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Barry Coleman spent mere months at Netflix in early 2016, but it was enough to later allege that the company’s “veneer of a perfect disruptive, progressive” business is an illusion. After he was fired, Coleman filed a lawsuit that, among other things, asserted Netflix has an unwritten policy of “tolerating harassment and discrimination” by its executives. Netflix then forced Coleman’s claims into arbitration.
Recently, Netflix reached a settlement with Coleman over his $1.5 million claims and required him to stay mum about the dispute. Nevertheless, Coleman’s story can now be told. Discrimination and harassment lawsuits tend to be personal and one-sided, and they are particularly tricky subjects to report on because such allegations can carry career-long consequences for those involved. But as Hollywood and members of the media continue to look inward in the wake of the Harvey Weinstein scandal, and as lawmakers consider changes, including voiding non-disclosure agreements in instances of workplace harassment, more stories concerning hostile workplaces are coming to light. It should be noted right away that Netflix vehemently denies Coleman’s allegations.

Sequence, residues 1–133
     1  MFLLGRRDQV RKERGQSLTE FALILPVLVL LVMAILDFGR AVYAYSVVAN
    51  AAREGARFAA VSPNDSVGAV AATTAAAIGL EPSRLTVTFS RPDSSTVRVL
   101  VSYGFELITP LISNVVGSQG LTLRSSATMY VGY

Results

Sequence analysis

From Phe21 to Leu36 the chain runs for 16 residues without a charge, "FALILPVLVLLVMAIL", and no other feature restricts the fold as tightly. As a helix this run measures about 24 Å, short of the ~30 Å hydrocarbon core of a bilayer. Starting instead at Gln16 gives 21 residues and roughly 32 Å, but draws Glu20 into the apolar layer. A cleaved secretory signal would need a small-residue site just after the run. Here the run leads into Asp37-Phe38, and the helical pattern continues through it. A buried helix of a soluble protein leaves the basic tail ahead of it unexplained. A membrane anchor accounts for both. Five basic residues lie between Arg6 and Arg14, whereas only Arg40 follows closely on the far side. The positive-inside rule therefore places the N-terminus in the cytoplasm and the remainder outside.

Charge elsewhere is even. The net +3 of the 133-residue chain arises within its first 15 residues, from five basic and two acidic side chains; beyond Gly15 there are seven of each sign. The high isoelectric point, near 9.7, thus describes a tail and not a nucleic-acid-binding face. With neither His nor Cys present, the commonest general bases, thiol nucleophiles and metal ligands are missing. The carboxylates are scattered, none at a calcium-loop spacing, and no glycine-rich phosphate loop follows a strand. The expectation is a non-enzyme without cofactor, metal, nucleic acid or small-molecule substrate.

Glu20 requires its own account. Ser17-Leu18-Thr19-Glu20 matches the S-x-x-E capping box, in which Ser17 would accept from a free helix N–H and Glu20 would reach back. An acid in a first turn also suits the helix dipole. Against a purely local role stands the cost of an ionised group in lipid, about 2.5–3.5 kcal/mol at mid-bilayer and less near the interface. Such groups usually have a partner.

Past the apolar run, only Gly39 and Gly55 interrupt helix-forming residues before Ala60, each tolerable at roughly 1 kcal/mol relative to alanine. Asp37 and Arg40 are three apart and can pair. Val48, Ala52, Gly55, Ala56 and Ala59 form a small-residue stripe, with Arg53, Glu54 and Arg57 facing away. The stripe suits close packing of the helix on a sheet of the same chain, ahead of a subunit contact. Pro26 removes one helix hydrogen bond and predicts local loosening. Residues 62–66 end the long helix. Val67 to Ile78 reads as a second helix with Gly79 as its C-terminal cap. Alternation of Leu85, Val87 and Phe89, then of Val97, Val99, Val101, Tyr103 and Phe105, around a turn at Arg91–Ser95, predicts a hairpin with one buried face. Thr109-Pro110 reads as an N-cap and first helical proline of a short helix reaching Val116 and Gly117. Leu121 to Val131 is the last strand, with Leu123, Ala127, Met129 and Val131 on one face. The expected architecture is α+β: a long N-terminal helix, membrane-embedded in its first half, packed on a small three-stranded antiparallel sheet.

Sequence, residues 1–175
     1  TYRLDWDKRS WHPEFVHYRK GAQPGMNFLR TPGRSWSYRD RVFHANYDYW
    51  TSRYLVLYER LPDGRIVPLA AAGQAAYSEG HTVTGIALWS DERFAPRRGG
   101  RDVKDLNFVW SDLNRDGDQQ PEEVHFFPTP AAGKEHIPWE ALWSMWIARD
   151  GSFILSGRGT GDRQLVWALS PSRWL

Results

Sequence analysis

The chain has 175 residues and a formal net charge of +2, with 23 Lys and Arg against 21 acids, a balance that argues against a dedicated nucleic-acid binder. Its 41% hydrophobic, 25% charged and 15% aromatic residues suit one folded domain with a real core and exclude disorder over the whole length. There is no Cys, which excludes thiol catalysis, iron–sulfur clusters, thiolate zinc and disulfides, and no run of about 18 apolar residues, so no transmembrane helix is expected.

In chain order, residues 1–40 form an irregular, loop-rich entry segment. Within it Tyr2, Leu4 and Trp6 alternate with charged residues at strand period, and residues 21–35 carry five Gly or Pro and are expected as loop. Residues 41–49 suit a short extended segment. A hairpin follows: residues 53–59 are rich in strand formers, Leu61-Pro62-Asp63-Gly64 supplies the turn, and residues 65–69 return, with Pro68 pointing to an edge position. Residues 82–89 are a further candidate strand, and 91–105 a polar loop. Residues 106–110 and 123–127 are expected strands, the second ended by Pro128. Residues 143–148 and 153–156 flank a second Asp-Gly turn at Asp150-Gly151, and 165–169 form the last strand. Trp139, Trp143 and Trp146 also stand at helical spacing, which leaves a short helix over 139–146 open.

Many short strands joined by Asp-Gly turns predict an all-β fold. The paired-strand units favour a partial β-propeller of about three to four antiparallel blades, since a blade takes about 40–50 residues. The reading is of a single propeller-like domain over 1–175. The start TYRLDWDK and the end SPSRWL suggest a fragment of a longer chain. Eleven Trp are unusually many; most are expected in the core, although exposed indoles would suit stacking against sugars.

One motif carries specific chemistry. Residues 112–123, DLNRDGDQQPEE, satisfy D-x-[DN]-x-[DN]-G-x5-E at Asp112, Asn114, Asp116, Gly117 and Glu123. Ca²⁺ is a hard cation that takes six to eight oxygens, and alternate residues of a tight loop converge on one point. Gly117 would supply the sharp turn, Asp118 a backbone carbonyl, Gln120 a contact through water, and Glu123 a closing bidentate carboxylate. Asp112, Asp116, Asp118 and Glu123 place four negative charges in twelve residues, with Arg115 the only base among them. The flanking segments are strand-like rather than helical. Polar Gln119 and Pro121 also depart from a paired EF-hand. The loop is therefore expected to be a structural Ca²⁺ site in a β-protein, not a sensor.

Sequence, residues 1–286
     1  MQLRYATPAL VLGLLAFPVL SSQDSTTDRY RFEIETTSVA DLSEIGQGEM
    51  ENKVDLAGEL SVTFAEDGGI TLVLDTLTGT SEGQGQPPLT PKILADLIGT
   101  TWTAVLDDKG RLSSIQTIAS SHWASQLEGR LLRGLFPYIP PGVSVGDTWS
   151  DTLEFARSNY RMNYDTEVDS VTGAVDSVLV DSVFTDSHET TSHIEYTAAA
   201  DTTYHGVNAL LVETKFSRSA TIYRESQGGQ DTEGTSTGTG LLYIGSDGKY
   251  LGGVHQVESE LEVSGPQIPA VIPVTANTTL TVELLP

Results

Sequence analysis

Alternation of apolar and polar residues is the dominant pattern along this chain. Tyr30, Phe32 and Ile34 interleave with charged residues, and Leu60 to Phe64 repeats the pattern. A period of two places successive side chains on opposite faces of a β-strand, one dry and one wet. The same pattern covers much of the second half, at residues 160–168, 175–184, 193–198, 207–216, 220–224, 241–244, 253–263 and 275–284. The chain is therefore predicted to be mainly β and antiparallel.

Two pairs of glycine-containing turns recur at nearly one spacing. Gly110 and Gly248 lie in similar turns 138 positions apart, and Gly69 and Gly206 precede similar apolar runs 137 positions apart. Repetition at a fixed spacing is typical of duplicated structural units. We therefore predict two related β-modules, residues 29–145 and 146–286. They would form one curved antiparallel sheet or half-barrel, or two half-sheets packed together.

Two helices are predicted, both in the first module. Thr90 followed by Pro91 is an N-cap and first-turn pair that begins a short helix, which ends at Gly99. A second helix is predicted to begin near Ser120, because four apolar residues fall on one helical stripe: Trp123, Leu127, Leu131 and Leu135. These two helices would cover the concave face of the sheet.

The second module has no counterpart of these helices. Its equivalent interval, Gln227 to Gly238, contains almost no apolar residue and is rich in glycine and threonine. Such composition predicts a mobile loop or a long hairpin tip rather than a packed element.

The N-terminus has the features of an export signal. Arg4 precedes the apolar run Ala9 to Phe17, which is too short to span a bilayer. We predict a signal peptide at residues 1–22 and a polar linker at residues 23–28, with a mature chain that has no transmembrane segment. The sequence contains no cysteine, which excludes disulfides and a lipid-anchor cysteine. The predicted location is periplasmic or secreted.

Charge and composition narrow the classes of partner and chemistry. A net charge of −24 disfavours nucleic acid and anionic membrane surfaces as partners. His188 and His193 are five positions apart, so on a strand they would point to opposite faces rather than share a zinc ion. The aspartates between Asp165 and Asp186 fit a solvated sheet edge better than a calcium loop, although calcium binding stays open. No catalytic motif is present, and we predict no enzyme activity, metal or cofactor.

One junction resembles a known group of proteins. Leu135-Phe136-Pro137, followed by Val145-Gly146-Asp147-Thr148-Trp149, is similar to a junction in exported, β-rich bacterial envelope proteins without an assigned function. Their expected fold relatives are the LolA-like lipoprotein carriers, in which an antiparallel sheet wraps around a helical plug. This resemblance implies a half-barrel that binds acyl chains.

Coleman, 52, arrived at Netflix after working in the human resources departments of several large multi-national corporations. Netflix was apparently impressed enough by a presentation on how to do business in China that Coleman gave in March 2015 to later offer him a job. Barbie Graver, then the vp of talent at Netflix, recruited Coleman, according to court documents. She indicated interest in making him an offer in December, 2015, but three hours after the two spoke on the phone, Coleman experienced a tragedy. He learned his son had been murdered in Colorado.
Coleman said he experienced ongoing trauma and depression as a result of his son’s death, but Netflix went ahead and offered him the position of director of employee services at a $500,000 a year salary. Graver allegedly told Coleman that she would accommodate his needs: “If you work at half your normal speed for the first six months, I’m okay with that.”